Clearly, business success depends on making smart decisions. This axiom applies as much to retail as it does to all other industries. And the best way of making the right choices is to have the right facts and figures. But reliable statistics are not always easy to get hold of. So, retailers often rely on reports, expert opinions, experience – and gut instinct. Which is very human. Yet often wrong. After all, studies have shown that the businesses that base decisions on hard facts are the most profitable.
Big data gives you the facts
Retail analytics opens up entirely new digital possibilities. Just consider this: 65 percent of all Germans aged 14 or older use a smartphone. In the 14-to-29 age bracket, that figure soars to 89 percent – as a recent survey by leading German ICT industry association Bitkom has established. The data generated by these mobile devices can be harvested and evaluated, creating genuine transparency that outperforms experience and gut instinct every time. The key is new technologies that allow the analysis of unstructured data on a massive scale (big data
Cell-phone data as a source of actionable info
Nowadays, people are rarely separated from their smartphones. And this creates a simple, low-cost way of tracking their movements – as activated phones regularly log onto their nearest network cell, indicating the owner’s approximate position. In accordance with Germany’s strict data privacy legislation, T-Systems processes this information – in anonymized form – in its own, certified high-security data centers in Germany. This guarantees compliance with both German and European data protection requirements, and means bullet-proof protection of individuals’ privacy. Yet customer analysis still delivers important, actionable insights. In particular, they provide three key metrics:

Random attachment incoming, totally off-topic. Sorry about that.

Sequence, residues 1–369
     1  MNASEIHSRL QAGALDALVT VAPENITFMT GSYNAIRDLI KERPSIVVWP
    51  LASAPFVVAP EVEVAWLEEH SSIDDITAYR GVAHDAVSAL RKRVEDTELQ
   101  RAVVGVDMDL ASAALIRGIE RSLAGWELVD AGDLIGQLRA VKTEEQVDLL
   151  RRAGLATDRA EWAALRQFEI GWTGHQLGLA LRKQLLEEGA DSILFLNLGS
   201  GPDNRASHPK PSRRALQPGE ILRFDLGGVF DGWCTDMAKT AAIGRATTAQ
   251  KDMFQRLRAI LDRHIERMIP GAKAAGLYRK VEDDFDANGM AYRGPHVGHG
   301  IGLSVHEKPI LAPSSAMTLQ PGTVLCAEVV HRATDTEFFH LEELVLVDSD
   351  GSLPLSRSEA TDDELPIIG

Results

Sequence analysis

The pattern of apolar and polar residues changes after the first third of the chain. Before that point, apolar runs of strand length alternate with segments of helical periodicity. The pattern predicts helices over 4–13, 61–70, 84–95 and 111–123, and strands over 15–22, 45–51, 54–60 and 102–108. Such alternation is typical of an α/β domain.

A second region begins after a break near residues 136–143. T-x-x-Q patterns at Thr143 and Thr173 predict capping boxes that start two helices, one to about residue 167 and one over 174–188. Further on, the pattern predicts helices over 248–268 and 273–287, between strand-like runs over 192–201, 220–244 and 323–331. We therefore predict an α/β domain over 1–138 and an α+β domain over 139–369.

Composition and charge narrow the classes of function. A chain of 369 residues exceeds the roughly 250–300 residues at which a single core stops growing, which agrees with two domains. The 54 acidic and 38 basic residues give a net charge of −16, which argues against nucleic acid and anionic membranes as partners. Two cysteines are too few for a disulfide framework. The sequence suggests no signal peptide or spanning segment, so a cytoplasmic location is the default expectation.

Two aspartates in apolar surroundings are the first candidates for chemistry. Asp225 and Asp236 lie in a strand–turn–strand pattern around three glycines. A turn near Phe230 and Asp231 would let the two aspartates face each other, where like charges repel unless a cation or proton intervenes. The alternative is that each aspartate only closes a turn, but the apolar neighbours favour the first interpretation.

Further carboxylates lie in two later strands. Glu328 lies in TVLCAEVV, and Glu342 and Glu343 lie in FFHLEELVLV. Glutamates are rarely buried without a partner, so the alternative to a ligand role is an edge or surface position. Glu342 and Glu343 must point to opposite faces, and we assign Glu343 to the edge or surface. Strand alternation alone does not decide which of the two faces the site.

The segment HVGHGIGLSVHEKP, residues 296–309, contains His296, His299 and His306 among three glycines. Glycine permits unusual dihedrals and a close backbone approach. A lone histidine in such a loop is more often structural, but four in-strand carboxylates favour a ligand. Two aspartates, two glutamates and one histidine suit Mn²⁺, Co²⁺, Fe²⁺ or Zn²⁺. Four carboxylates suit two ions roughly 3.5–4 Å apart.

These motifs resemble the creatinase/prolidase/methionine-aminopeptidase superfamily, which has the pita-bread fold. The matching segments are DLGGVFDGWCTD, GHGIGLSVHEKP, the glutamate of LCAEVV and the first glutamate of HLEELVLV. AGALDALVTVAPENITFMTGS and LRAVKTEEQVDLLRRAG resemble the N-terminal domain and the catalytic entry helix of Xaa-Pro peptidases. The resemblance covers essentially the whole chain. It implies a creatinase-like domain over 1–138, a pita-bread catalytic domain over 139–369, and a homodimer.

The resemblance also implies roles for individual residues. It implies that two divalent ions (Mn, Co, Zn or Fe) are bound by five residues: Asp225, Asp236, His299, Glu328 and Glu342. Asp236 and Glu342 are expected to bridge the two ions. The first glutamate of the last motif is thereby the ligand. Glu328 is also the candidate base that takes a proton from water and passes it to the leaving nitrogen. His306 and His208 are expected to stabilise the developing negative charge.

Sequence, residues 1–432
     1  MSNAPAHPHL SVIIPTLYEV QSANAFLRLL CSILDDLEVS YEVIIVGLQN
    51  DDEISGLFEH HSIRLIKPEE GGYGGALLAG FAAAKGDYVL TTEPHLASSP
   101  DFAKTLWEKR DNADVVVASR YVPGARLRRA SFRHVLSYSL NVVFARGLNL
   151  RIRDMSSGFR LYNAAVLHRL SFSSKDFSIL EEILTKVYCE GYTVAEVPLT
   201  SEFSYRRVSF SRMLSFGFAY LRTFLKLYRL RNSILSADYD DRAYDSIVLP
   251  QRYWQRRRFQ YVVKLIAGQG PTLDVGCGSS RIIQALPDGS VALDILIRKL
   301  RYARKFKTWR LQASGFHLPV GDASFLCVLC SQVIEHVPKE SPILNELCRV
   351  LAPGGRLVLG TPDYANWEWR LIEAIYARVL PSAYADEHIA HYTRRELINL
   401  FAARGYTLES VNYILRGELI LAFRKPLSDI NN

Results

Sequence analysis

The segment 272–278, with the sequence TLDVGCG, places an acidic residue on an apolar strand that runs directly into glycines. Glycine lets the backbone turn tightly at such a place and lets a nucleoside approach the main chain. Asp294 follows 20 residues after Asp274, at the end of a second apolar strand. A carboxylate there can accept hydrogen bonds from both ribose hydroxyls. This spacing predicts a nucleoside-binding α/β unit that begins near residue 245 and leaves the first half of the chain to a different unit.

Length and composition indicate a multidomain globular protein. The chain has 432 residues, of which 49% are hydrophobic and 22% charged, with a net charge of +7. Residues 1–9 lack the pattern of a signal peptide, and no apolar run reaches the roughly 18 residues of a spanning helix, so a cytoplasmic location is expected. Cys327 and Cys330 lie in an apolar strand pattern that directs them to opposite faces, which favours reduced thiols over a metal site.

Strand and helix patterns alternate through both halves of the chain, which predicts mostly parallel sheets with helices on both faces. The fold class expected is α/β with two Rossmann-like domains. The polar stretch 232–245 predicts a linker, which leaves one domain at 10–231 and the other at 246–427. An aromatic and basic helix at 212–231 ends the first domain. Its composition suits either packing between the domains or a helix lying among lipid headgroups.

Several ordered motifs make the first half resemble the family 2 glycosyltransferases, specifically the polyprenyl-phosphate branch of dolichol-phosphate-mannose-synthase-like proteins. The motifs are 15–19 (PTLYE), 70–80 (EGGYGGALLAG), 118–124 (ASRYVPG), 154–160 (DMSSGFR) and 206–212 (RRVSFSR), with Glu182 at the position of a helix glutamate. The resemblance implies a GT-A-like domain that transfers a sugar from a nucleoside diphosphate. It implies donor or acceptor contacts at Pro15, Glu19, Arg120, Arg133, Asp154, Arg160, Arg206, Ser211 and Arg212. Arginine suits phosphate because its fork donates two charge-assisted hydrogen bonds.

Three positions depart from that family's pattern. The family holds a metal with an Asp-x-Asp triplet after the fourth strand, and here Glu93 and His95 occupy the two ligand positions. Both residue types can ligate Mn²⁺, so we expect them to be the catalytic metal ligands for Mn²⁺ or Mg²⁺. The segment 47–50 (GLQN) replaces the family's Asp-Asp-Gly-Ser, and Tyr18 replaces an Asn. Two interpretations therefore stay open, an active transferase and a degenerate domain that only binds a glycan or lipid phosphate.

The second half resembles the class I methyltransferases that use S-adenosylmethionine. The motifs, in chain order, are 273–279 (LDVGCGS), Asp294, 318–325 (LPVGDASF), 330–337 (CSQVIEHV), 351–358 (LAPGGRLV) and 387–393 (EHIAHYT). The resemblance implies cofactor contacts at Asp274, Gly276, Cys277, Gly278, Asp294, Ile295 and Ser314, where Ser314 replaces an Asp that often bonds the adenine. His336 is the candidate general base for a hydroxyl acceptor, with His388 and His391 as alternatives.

- Traffic flows: How many people are in a given position in a given time period? How many people pass a given point?
- Time data capture: How long do people spend where?
- Movement vectors: What groups of people move from where to where?
And while safeguarding privacy, it is possible to add attributes such as target group, gender and even zip code. This greatly enriches the information – for even better decision-making.
Tracking of movements as the basis for in-store and out-of-store analysis
When retailers can monitor customer traffic, including flows, timing, and even the stops they make, they can draw extremely valuable conclusions. Retail analytics tools deliver meaningful insights. Motionlogic, a T-Systems solution, captures and analyzes movements, helping bricks-and-mortar retail to better understand the routes people take, and why. Traffic patterns can be correlated with specific triggers to identify particularly attractive positions and destinations. This offers traditional retailers tangible benefits: in real time, they can see when customers come to their shops, and in what numbers, and fine-tune their opening times accordingly. And they can precisely gauge whether advertising, such as billboards, has the desired effect of drawing people in through the front door. Plus they can detect customers who leave their store without making a purchase, and to which rival they subsequently turn – a highly useful, but low-cost form of competitor analysis. Moreover, when choosing a new store location, the retailer will know where the footfall is highest.